- Solvency II ratio declined to 197% from 205% over past year
- Sale of U.K. Life & Savings, Portuguese units bolsters result
Axa SA, France’s biggest insurer, said first-half profit rose 4 percent as increased earnings from life and health insurance helped offset higher claims from natural catastrophes.
Net income climbed to 3.2 billion euros ($3.6 billion) from 3.1 billion euros a year earlier, the Paris-based company said in a statement on Wednesday. That missed the 3.6 billion-euro average estimate of five analysts surveyed by Bloomberg.
Thomas Buberl was appointed to take over as Axa’s CEO after Henri de Castries unexpectedly said he would leave the company in September. Buberl, 43, plans to increase Axa’s profitability through 2020 by seeking 2.1 billion euros of cost cuts and growing digital investments. Growing earnings is increasingly difficult for insurers like Axa and Allianz SE as competition for premiums intensifies and quantitative easing hurts income from investments.
“Our balance sheet remains very strong with a Solvency II ratio at 197 percent, well within our target range,” Buberl said in the statement. The ratio, a measure of an insurer’s ability to absorb losses under regulatory rules introduced in Europe this year, stood at 205 percent a year ago. Axa’s target range is from 170 percent to 230 percent.
If the ratio exceeds its target range, Axa will consider returning excess capital to shareholders among other options, the company said in December. At that time, it raised the dividend payout to 45 percent to 55 percent of its adjusted earnings.
Axa rose as much as 3 percent in Paris trading and was down 1.1 percent at 17.19 euros as of 10:59 a.m. The stock has fallen 32 percent this year, giving the company a market value of about 42 billion euros. The Bloomberg Europe 500 Insurance Index declined 23 percent over the same period.
Axa is targeting an adjusted return on equity, a key measure of profitability, of 12 percent to 14 percent between this year and 2020. Underlying earnings per share are expected to rise 3 percent to 7 percent annually over the period. Oliver Baete, who took over last year as CEO of Allianz, Europe’s biggest insurer, has similar plans to boost profitability.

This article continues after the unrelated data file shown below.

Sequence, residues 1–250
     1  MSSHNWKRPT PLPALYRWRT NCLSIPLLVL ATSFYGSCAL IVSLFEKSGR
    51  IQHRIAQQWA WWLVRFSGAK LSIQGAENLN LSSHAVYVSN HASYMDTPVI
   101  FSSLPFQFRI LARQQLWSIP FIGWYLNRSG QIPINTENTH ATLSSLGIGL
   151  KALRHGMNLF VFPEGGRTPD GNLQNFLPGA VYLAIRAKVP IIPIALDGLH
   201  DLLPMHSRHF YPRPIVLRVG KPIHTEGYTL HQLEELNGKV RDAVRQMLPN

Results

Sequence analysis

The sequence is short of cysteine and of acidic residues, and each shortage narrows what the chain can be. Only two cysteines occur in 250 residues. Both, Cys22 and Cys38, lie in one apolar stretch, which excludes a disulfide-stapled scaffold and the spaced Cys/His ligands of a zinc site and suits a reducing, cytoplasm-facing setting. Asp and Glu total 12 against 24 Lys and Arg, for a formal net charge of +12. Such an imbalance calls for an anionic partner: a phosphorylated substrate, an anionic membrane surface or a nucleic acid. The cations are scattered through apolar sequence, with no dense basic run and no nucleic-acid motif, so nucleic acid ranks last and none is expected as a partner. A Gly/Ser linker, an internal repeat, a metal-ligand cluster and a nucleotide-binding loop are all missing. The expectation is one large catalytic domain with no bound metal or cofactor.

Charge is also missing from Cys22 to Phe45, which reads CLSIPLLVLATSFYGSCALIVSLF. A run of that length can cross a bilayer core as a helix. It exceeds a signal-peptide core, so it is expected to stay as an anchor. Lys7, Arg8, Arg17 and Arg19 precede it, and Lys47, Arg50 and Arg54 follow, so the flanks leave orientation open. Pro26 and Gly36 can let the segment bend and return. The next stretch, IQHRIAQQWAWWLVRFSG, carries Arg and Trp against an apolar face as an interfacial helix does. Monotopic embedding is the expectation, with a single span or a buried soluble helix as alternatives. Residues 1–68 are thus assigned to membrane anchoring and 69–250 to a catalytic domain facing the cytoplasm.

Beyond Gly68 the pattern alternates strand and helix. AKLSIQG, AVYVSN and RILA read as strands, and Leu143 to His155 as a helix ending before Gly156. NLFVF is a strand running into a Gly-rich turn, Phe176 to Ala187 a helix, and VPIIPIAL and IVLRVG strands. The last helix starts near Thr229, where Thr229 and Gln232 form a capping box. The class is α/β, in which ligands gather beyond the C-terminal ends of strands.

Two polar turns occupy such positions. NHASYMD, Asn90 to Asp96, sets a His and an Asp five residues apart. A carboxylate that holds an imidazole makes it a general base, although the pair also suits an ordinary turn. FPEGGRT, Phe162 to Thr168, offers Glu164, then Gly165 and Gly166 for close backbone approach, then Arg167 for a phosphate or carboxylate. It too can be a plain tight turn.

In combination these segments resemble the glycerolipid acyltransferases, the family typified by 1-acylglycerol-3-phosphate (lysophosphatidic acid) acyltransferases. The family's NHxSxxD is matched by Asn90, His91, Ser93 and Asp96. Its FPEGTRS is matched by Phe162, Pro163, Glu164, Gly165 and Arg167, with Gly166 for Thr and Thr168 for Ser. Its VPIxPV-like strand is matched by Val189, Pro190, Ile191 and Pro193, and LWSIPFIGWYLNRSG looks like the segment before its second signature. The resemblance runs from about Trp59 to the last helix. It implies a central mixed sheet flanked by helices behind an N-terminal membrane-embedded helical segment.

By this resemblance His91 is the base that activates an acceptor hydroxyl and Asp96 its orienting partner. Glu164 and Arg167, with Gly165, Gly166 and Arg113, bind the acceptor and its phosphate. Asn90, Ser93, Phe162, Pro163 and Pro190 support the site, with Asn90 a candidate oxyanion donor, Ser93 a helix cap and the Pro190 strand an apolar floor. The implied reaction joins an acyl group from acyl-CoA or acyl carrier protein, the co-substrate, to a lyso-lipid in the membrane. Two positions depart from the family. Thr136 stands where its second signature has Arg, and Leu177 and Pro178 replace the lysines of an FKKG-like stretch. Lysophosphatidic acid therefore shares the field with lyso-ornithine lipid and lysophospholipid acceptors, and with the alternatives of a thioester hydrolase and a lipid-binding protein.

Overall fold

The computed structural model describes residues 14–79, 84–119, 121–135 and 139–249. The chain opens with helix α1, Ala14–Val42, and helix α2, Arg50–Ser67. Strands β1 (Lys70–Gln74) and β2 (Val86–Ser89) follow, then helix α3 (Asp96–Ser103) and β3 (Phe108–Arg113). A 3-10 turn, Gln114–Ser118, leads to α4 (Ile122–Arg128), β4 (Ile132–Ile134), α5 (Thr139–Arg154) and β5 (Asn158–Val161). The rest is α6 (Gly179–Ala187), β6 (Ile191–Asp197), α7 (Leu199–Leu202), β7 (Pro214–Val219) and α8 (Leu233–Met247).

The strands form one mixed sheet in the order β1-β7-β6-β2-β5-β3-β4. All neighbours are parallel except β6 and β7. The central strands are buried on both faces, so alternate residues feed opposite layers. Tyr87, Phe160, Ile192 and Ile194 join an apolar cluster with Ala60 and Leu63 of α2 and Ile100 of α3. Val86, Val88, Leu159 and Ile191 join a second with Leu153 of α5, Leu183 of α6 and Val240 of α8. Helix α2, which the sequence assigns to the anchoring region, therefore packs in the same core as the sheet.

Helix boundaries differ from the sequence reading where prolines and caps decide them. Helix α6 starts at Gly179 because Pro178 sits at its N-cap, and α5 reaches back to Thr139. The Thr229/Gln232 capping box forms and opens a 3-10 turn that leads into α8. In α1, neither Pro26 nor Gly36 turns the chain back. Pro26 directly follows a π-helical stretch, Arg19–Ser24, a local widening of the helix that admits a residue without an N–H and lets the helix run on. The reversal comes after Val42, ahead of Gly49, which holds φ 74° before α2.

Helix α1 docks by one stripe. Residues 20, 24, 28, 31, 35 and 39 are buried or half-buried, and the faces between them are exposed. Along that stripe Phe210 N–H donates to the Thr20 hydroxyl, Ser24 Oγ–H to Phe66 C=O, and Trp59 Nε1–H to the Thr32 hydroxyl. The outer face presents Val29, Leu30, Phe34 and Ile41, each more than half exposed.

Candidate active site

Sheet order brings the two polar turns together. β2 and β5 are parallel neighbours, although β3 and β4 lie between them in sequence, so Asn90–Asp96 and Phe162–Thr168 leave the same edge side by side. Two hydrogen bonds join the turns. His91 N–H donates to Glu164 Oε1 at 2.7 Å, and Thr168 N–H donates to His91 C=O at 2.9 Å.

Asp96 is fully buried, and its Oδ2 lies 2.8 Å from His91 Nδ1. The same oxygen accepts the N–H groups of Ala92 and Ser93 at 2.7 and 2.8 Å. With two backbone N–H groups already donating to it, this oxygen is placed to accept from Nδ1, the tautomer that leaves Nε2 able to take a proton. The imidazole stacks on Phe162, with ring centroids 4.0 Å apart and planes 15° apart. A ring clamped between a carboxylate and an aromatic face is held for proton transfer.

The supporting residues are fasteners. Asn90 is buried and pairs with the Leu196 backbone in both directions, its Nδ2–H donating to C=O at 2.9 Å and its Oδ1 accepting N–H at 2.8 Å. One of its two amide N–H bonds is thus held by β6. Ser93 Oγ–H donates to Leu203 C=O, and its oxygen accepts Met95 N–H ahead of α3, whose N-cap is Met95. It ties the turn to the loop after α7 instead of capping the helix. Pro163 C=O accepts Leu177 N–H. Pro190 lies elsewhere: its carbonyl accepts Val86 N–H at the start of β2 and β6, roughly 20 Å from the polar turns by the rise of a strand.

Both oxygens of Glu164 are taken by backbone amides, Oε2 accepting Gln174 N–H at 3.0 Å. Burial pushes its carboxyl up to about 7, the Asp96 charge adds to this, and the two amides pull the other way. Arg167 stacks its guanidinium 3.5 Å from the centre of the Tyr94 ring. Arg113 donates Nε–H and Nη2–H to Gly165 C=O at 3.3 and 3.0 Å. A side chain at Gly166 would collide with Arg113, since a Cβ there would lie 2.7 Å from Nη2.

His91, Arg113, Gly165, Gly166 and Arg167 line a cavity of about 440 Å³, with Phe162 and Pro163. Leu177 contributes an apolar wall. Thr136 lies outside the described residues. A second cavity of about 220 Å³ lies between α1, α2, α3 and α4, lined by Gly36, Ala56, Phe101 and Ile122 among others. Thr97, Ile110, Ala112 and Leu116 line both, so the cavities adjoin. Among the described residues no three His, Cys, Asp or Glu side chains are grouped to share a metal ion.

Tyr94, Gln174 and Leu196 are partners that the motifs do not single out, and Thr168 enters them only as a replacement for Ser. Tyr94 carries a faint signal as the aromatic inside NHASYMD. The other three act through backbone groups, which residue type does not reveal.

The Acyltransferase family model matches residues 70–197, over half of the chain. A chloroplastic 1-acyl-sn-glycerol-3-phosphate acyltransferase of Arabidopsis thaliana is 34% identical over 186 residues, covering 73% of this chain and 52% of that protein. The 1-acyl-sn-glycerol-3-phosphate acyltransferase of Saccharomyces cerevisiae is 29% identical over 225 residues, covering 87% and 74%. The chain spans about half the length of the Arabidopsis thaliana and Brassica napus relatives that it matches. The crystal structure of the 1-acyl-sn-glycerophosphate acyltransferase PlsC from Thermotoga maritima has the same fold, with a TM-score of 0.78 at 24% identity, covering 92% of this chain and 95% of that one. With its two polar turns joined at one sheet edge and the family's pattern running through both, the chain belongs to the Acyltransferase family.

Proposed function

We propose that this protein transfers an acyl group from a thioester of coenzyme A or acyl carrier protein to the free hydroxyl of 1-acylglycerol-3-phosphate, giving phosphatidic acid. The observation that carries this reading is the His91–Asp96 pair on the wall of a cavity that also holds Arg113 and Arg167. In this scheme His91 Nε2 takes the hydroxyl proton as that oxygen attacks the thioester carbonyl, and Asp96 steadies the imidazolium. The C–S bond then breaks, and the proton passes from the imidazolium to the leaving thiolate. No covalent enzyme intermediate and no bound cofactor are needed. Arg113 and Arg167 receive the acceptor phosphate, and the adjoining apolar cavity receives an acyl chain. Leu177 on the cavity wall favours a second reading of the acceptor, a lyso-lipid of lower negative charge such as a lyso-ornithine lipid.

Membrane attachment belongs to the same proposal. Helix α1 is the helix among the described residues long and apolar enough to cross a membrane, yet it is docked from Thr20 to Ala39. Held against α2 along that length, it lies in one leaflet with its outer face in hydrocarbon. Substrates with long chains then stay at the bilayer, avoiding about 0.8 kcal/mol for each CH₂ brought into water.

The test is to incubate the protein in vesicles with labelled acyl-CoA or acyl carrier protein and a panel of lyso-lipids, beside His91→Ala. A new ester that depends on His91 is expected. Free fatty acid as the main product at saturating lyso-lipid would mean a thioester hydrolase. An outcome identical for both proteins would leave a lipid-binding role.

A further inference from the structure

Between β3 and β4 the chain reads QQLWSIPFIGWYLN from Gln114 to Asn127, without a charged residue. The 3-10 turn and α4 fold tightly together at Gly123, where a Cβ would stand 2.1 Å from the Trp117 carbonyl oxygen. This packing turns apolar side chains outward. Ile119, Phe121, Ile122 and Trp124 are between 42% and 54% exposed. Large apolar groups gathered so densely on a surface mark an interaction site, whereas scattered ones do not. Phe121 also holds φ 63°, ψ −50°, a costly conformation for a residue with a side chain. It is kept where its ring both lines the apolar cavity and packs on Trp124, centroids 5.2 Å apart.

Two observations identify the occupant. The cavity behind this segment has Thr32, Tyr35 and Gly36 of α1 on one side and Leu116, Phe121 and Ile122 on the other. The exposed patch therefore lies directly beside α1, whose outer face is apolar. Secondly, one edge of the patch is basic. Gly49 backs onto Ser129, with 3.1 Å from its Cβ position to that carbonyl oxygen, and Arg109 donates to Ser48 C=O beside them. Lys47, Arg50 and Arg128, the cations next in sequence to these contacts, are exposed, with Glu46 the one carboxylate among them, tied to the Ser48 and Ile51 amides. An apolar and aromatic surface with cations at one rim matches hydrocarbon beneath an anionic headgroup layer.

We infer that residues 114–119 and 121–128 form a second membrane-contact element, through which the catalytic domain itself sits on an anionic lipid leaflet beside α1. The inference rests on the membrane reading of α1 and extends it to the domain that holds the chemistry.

“Buberl is taking over a company with sound operations and a better-than-expected solvency level,” said Andreas Schaefer, an analyst at Bankhaus Lampe with a buy rating on the insurer. “The targets to grow earnings amid interest rates that continue falling are ambitious at both Allianz and Axa.”
Axa’s underlying earnings from the life and savings division rose to 1.9 billion euros while property and casualty insurance saw earnings decline 9 percent to 1.2 billion euros, mainly driven by higher natural catastrophe charges, Axa said in the statement.
The combined ratio in property and casualty insurance, or spending on claims and other costs as a percentage of premiums, worsened to 98.2 percent from 96.9 percent a year ago mainly because of claims from storms in Germany, floods in France and Belgium and the Brussels terrorist attacks in March.
Buberl, formerly CEO of Switzerland at Zurich Insurance Group AG, joined Axa four years ago to lead its German business and joined the insurer’s top-management committee last year. The German citizen will become the first non-French person to lead one of the country’s major financial institutions with a global presence.
Axa sold its SunLife unit in the U.K. to Phoenix Group Holdings in May. The insurer is also divesting its traditional investment and pension business in the U.K. as the company aims to grow there in property & casualty, health and asset management.
The positive impact from the sale of two real estate properties in New York City was partly offset by the net impact of the disposal of the U.K. Life & Savings and Portuguese operations among other factors, Axa said in the statement.
The French insurer eyes bolt-on acquisitions in emerging markets and commercial property and casualty insurance, Buberl said in a Bloomberg Television interview with Manus Cranny and Caroline Hyde. “The focus is not so much anymore on larger deals, prices are still very high and targets are difficult to get.”